BOOM! Studios’ Translucid: The Supervillain as Superhero Catalyst
After reading the synopsis for Translucid, the first thing I wondered was why everyone who likes superheroes isn’t reading this series and talking about it already. Comixology’s little blurb for the BOOM! Studios series goes like this:
The Horse has been the arch-enemy of The Navigator for years. But The Horse feels The Navigator’s moral compass slipping, and even a villain can’t let that happen. The Horse decides to get a closer look into The Navigator’s past that he’s buried deep in his subconscious and find out what drives a person to make the right choice, and what propels someone to make a selfish one. Thus begins an exploration of why a young man would take the mantle of a superhero.
This is the quintessentially modern superhero story in the sense that it probably would not have made sense to people before the 1980s—approximately a generation after the superhero became an icon of American popular culture. Basically, this is a rare sort of post-Watchmen story that still partially believes in the the fairy tale of the superhero. The characters are coming into their own and the story is fully stand-alone in the sense that all the people in it are technically original, but this tale is still one that will mostly appeal to people who have experienced many superhero stories already. It works because it plays with the tropes of its genre. And despite the fact that the series purports to be about figuring out The Navigator, it feels as though it’s a story in which the readers might be able to learn just as much about the teller of the tale.
The Horse is the one who leads readers on this psychedelic trip down memory lane. He seems to influence the readers’ experience of the narrative because we see The Navigator’s memories while and how he sees them. He is also the one who orchestrated The Navigator’s forced recollections and current predicament within the story. The Horse is a smart, principled (in his own way), dedicated and observant person. What readers may not figure out so quickly is why he is doing all of this. He tells the readers that he and The Navigator are twin stars, the Yin to the other’s Yang, and explains how the supervillain must contrast with the superhero. But why is a supervillain the arbiter of heroism? Why would a supervillain want to know how a superhero ticks?
Translucid is built upon this relationship between the hero and the villain, as well as a past relationship between a boy and his elder brother that seems to be influencing this current one. The end of Issue Three confirms, for me at least, that this will continue to be the case. The story is actually less about how a hero is made than about how close a superhero and supervillain can be. For example, at first I found pieces of the hero’s origin story disappointingly cliché. But then I realized that these elements were ones often found in supervillain origins, and I became more intrigued by the direction the story was headed. As the creators write in Issue Two, “The world can be a disorderly place for a born perfectionist with a curious mind. They say the difference between good and evil is intention. But perhaps it’s opportunity.” This story not only assumes that a hero and villain are always in a matching set, but it seems to also claim that a hero can be pushed into heroic deeds or that a villain can be self-motivated into villainy. And in comparison to the genre archetypes, that is quite topsy-turvy.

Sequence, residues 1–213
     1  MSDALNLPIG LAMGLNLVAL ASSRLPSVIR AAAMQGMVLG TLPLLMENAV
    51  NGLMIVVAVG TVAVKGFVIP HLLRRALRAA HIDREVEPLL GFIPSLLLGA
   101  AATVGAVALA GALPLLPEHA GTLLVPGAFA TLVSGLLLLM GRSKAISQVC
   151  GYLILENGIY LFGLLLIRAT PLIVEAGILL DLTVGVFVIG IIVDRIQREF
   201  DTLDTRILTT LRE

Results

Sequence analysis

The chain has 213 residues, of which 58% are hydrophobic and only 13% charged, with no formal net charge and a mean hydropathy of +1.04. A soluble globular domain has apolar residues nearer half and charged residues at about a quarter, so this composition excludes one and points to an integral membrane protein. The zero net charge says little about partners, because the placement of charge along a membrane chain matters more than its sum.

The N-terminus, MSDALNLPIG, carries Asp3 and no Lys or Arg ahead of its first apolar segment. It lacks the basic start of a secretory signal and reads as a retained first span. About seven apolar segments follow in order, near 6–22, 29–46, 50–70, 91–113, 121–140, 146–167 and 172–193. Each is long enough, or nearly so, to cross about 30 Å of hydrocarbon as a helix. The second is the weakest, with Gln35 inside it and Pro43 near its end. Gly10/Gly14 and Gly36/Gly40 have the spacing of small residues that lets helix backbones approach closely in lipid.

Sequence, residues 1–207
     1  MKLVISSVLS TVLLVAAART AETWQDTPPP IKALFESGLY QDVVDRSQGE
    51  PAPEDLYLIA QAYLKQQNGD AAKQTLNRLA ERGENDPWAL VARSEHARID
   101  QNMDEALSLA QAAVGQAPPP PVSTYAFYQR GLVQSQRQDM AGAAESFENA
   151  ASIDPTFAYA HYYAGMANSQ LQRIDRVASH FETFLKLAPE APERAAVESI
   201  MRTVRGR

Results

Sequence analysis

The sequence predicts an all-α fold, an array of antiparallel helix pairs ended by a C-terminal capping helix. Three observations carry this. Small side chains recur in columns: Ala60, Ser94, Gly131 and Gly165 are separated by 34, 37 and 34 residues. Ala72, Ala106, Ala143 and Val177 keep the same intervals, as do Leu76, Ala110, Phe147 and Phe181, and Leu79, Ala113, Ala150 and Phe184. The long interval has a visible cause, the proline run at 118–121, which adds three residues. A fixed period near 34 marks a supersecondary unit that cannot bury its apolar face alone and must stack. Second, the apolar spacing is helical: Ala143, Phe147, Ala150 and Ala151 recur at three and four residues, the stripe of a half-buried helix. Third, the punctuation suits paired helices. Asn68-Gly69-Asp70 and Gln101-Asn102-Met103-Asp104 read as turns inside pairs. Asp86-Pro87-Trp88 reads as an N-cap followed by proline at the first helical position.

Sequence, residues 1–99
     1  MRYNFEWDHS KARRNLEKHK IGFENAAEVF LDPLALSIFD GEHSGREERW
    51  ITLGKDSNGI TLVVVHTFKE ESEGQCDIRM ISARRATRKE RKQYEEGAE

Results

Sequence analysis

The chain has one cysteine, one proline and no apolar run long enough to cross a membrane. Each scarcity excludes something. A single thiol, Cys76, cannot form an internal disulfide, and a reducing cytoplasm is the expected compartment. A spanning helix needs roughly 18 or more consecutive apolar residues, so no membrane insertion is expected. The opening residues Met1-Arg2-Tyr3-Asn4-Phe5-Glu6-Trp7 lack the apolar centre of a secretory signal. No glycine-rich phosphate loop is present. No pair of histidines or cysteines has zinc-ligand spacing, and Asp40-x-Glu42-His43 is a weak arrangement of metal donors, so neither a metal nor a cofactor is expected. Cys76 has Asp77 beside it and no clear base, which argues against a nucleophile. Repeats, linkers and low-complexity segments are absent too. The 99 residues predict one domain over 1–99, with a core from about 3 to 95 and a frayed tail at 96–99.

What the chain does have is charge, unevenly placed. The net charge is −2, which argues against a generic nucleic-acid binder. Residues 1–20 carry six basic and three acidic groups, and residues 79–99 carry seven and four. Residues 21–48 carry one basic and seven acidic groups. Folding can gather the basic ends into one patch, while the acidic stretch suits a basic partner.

But it should be clear by now that this is not your regular superhero comic. The art reflects this as well, with its rather plainly handsome characters and anti-spandex hero and villain designs. The color schemes and distortion of images are used to create the moments of jarring shift between the appearance of normalcy and what must be someone’s imagination. The series is about superheroes and draws on their collective archetypes, but visually and narratively it does not accept the world of capes and tights.
Nor does it fully invite us into its world. The very nature of its telling, with the aid of a narrator, assumes an audience and therefore distances itself from those readers. When we are told a story, we never forget that it is just that. The narrative also jumps back and forth in time, mixing memories, facts, and perhaps fiction. It becomes unclear how much readers can trust what they see. I wonder if, in the end, this series will really be about the superhero at all. Whose origin story this is, in actuality, and how much it has been tainted by his counterpoint character (good or evil), remains to be seen.
This article is based on Issues 1-3 of Translucid, from BOOM! Studios. It is written and created by Claudio Sanchez and Chondra Echert. Illustrated by Daniel Bayliss. Colored by Adam Metcalfe.
If you enjoyed B.K.’s review, you can find the rest of her work right HERE on Sci-Fi Bloggers. You can also follow her on Twitter @kobayashiXmaru.
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